The priesthood in the Catholic Church is identified with many things because over the centuries in the Church’s history there have been priests engaged in variety of functions as priests. A priest can act in different roles but the main reason he has been ordained is because of the Eucharist. So true is this that if we would specify the heart of the priesthood we would have to say it is the Eucharist: the Eucharist as Presence, and the Eucharist as Sacrifice. Each of these levels of the Holy Eucharist is totally dependent on the priesthood — no priesthood, no Real Presence and no Eucharistic Sacrifice (and no Holy Communion, either). But what may be less obvious, having given lectures to students of theology, I have also told them that if the Real Presence and the Mass depend on priests, priests depend on the Real Presence and the Mass, and I’m not sure which dependence is more absolute. Without the Eucharist, the priesthood is doomed to failure, and as history by now sadly testifies, to extinction. Because, you see, the priesthood has become extinct in not a few parts of the world where it had once gloriously flourished. That, then, which the priests create they also require for their survival.
First, then, the priest and the Real Presence. In the late eleventh century, to be exact in the year 1079 A.D., a certain French priest by the name of Berengar (more commonly known as Berengarius) was required to sign a solemn profession of faith in the Real Presence. His problem was that he was a theologian. As a theologian he had difficulties, which is not surprising. But what was unfortunate is that having difficulties he began to talk and teach and write about these difficulties regarding the Real Presence. His problem could not have been more fundamental. How is it possible, he asked himself, and he would ask his listeners and readers, for the same Jesus Christ, mind you the same, to be at once in heaven and also on earth? He was on earth, so Berengar said, during His stay before His death and even for a short time after His Resurrection, and then He ascended into Heaven! So He had been on earth, but He went to heaven. Where, then, he asked, is Christ? In heaven. Where can He also not be? He cannot also be on earth.
The Sixth Council of Rome was presided over by Pope St. Gregory VII in 1079 A.D. Berengar was summoned and was told to sign the following statement: “I, Berengar, firmly believe and confess with my mouth that the bread and wine which are laid on the altar by the mystery of sacred prayer and the words of Our Redeemer are substantially changed into the very flesh and blood of our Lord Jesus Christ true and life giving; and that after the consecration it is the true body of Christ, which was born of the Virgin, which was offered as a sacrifice on the Cross for the salvation of the world, and which sits at the right hand of the Father, and the very blood of Christ which flowed from His side” (Denzinger 355).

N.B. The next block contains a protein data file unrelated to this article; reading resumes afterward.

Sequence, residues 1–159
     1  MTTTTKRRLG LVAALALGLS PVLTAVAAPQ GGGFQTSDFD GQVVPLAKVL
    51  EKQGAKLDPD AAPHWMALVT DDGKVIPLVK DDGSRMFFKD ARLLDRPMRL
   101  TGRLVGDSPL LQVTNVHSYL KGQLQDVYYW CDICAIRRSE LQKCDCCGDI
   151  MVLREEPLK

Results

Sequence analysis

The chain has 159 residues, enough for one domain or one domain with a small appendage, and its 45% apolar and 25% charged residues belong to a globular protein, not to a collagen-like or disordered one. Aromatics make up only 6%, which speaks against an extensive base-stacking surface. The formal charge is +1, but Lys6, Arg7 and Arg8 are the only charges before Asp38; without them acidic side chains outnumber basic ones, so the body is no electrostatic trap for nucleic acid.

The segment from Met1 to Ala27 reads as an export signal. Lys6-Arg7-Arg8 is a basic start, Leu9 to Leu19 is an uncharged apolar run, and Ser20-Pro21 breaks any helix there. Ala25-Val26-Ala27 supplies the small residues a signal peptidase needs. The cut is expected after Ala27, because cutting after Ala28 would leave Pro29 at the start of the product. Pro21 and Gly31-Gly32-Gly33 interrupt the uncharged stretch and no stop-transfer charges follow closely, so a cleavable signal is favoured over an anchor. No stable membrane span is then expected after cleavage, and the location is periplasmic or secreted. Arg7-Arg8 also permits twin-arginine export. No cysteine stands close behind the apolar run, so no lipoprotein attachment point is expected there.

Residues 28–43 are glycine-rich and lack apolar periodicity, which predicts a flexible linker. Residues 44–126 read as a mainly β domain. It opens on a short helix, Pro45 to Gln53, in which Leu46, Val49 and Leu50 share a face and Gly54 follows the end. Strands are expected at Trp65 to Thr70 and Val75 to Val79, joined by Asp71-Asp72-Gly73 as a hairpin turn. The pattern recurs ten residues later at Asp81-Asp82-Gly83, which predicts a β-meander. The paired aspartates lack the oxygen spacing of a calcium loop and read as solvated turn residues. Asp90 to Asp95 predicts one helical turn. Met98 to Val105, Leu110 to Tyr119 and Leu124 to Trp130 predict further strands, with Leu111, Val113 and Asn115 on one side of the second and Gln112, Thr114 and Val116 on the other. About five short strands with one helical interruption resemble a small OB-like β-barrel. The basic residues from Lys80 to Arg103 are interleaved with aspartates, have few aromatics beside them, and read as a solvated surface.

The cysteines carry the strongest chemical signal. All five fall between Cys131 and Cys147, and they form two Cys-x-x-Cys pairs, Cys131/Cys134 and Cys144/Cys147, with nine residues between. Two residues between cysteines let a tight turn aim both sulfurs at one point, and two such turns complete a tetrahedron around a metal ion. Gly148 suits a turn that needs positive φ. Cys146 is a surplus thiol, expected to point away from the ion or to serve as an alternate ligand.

This profession of faith in the Real Presence has ever since been the touchstone of Catholic orthodoxy. Those who believe this are Catholic; those who do not are not. It was not coincidental that the Holy See had to exact this attestation of belief in the Real Presence from a priest in the eleventh century, for the priest’s statement has been quoted in countless documents of Popes and Councils because it is precisely here that the priest’s first test of faith is to be found. This is where his constant test of faith is to be found.
A priest, therefore, makes the Real Presence possible, and no one, no king or prince or genius, nor the will of a thousand people or the combined efforts of a whole nation, can substitute for the power of a priest’s consecrated words: “This is my body. This is the chalice of my blood.” And as the Fathers of the Church do not hesitate to say, there is no less a miraculous change taking place on the altar than took place in the womb of Mary at the moment of the Incarnation. Before she pronounced her words, there was no Christ on earth. The moment she did, He took dwelling in her body. The moment before the words of the priest are pronounced over the elements of bread and wine, there is just bread and wine. He pronounces them and then divine power — it has to be divine power — changes the substance of bread and wine into the very living Body and Blood of the living God.